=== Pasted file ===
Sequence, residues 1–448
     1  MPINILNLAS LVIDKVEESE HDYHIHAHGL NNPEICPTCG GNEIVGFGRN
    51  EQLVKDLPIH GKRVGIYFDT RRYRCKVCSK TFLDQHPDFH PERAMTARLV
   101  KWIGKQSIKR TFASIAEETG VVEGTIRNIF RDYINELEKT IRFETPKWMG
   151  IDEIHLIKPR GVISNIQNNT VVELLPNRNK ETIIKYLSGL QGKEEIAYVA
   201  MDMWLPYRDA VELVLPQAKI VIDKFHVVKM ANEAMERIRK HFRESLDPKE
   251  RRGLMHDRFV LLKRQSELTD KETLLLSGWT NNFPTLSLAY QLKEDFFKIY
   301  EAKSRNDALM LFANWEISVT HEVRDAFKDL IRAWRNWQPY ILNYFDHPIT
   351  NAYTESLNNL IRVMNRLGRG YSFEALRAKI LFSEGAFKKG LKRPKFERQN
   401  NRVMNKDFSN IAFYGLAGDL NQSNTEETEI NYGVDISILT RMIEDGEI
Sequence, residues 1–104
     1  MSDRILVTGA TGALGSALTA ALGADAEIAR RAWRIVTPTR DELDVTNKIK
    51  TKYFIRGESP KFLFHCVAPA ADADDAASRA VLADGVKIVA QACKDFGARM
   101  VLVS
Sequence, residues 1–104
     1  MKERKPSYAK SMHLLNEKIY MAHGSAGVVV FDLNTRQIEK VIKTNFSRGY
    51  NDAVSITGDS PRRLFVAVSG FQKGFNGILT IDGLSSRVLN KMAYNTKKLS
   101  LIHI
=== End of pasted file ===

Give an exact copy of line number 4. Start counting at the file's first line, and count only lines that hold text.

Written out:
   101  KWIGKQSIKR TFASIAEETG VVEGTIRNIF RDYINELEKT IRFETPKWMG